The Story Begins
“Together with my colleague Professor Maria Kopsakangas-Savolainen we have been studying the energy and especially the electricity market for some time. We have studied the efficiency and regulation questions related to transmission and distribution. The production and distribution activities of the utilities must be unbundled so that cross-subsidization is not possible. Production has been opened for competition but distribution firms are local natural monopolies. This is why they need to be regulated and we became interested in the question how should the differences in endowments be reflected in regulation models. We estimated stochastic frontier efficiency models and developed an incentive compatible regulation model that solves both adverse selection and moral hazard problems.
System level costs
Then we wanted to look at the role of real time pricing in the Nordic electricity market Nord Pool. Based on our simulation model we showed how increasing role of real time pricing indeed enhanced efficiency in the production structure but the effects can be very different for different sides of the market. We could not find a solution that was at the same time CO2 emissions decreasing and economic welfare increasing. We have summarized and presented these studies in our book Modern Energy Markets published by Springer.
This made us understand that there are system level costs related to increasing use of renewable energy sources (RES) like wind and solar in the electricity system. These costs relate to profile costs, balancing costs and grid costs. Profile costs are created because the supply from RES many times does not correlate well with the load peaks. This is why the role of rapidly dispatchable technologies increases and the question of the capacity market opens up. Balancing costs relate to forecasting uncertainties that inevitably increase with increasing use of RES. This is why the role of more precise weather forecasts becomes very important. The grid costs relate to the fact that the best RES are often located outside current grids.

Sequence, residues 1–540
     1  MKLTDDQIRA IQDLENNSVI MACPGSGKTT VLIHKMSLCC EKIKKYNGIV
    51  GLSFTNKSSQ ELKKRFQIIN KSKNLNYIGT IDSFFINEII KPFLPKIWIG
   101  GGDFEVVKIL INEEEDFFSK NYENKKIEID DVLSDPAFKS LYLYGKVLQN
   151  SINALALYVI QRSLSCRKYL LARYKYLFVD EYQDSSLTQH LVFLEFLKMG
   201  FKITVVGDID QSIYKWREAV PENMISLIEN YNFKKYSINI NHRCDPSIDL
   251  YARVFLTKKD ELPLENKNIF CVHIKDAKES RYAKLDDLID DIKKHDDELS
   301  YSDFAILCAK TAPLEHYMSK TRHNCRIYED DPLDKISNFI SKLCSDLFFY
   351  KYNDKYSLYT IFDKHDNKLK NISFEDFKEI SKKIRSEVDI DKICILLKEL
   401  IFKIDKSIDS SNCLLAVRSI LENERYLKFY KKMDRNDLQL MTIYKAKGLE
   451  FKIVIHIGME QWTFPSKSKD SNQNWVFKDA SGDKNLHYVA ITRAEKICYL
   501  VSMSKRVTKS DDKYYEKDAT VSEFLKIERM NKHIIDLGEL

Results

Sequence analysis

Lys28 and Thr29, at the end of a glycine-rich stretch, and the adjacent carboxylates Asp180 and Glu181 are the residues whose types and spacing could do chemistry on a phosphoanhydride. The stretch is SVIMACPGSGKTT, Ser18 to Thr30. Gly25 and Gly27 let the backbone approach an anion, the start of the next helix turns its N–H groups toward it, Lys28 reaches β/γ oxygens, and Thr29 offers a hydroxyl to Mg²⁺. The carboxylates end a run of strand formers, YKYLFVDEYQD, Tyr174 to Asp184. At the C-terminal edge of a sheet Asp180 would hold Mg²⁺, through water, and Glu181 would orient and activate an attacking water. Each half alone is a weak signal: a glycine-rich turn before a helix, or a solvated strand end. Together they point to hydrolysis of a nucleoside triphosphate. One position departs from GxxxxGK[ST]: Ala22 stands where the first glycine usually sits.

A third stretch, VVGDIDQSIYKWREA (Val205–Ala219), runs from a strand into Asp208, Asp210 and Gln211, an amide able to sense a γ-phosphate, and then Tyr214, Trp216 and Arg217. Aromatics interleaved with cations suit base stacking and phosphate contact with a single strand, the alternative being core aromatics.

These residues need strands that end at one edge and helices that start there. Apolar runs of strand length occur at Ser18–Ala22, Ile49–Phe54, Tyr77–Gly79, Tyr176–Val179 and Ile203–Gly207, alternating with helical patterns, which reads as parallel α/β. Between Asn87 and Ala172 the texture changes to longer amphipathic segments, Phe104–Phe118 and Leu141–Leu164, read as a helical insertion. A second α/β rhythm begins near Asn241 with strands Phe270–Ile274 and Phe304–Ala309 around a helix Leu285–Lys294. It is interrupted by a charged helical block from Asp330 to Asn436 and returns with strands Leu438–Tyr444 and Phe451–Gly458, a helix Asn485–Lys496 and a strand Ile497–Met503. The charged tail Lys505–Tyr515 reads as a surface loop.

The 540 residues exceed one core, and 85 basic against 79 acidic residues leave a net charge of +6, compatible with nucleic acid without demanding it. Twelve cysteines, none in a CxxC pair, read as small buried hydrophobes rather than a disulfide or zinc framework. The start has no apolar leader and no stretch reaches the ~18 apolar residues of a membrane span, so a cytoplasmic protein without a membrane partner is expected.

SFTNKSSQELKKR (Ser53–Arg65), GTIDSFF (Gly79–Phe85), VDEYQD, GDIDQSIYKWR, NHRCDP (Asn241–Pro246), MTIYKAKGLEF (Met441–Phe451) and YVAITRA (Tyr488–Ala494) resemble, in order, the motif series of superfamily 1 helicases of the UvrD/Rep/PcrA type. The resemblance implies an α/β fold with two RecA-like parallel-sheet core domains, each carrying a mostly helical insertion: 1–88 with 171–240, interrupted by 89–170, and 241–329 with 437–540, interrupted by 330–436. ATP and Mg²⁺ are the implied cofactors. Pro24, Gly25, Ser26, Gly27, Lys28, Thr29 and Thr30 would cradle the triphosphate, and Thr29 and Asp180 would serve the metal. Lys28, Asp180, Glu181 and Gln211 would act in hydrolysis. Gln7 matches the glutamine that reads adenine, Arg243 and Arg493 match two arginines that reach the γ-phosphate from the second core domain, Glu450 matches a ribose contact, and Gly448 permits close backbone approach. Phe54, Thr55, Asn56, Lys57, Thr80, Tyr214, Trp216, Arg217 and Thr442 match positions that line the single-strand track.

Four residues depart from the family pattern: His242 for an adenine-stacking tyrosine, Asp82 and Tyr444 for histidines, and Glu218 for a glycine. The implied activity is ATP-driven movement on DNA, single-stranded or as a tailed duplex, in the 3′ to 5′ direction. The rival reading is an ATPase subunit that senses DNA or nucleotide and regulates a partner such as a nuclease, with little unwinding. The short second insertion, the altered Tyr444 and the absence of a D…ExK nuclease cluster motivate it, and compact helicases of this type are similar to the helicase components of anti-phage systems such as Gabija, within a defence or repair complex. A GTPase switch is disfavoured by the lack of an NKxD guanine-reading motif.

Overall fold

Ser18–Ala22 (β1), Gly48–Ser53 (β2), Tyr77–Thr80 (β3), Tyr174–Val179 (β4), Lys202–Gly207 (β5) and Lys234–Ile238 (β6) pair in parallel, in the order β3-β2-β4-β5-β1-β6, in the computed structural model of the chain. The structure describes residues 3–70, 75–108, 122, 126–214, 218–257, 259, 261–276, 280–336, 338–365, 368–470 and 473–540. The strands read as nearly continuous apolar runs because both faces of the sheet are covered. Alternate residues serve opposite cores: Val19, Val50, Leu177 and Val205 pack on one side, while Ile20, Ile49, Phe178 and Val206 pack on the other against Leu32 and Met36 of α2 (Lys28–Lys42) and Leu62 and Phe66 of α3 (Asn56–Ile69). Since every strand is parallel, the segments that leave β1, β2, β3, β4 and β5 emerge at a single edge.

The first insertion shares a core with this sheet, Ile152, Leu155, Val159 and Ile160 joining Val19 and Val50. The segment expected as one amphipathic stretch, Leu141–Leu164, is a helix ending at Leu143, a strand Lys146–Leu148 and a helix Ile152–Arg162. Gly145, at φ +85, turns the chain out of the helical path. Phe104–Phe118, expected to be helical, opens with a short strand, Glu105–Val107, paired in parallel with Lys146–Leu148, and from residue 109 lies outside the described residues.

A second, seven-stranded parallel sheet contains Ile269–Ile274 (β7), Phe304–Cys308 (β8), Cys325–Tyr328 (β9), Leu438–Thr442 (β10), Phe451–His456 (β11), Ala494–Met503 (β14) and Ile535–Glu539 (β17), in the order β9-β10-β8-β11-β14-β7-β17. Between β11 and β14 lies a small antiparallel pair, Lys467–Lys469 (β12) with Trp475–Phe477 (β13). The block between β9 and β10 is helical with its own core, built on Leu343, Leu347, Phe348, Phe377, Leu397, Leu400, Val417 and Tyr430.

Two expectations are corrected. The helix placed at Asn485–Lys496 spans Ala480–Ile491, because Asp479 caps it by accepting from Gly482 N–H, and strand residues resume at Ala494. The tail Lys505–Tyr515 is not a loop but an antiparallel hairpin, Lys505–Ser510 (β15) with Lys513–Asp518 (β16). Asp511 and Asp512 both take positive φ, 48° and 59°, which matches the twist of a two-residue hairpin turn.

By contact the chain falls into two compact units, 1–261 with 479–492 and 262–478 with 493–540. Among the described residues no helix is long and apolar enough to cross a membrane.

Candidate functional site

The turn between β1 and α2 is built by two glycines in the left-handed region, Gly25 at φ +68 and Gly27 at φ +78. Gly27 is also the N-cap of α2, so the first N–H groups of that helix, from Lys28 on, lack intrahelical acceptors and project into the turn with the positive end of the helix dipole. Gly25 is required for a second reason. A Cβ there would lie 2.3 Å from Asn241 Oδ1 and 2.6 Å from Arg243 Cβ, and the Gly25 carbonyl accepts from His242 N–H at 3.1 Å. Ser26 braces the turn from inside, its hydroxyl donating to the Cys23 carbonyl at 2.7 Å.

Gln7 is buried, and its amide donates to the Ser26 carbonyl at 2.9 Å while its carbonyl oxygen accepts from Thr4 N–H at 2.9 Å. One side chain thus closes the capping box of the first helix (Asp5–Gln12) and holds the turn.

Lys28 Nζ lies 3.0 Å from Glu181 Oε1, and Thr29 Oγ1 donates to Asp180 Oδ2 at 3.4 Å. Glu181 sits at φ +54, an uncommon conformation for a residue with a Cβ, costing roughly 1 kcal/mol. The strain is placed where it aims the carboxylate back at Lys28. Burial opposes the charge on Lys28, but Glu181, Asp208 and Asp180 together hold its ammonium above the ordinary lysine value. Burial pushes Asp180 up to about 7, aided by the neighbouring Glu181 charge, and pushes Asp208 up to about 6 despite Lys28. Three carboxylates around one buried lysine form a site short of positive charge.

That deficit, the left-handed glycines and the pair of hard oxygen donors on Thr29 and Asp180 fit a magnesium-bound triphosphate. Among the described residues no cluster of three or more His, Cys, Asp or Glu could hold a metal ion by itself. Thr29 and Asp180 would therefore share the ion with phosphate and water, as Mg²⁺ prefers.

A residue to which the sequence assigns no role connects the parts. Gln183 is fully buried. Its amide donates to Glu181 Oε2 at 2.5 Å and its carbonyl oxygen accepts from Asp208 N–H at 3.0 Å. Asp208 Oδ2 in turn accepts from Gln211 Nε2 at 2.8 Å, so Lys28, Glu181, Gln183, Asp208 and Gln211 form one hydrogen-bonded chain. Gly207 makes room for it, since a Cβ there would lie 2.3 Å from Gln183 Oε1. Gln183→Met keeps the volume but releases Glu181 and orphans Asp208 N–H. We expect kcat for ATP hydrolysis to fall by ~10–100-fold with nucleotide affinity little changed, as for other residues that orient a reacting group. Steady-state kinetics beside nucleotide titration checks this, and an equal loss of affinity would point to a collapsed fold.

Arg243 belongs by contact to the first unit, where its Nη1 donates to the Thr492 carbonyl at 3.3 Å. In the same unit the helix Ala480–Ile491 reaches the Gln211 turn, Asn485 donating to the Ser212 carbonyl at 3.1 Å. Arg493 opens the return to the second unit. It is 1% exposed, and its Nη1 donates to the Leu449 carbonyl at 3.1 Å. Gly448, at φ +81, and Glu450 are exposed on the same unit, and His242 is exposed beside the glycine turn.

So we understood that this is a genuinely interdisciplinary problem and very suitable for the call of the Strategic Research Council of the Finnish Academy. In the consortium we have five partners and seven research teams. The partners are The University of Oulu, The University of Helsinki, Finnish Environment Institute, VATT Economic Research Center and The Finnish Meteorological Institute. In the research teams we have besides economics expertise from electrical engineering and ICT communication (CWC), software programming, weather forecasting and knowledge management and scientific communication. These teams are described in their own sides in this web page of BCDC Energy.
In these pages we are going to tell you about our project ‘ Cloud computing as enabler of large scale variable distributed energy solutions: Bright Clouds – Dark Clouds (BCDC)’ that the Strategic Research Council decided to finance in the years 2015-2017. Join us to this adventure, follow us and give us ideas and feedback.”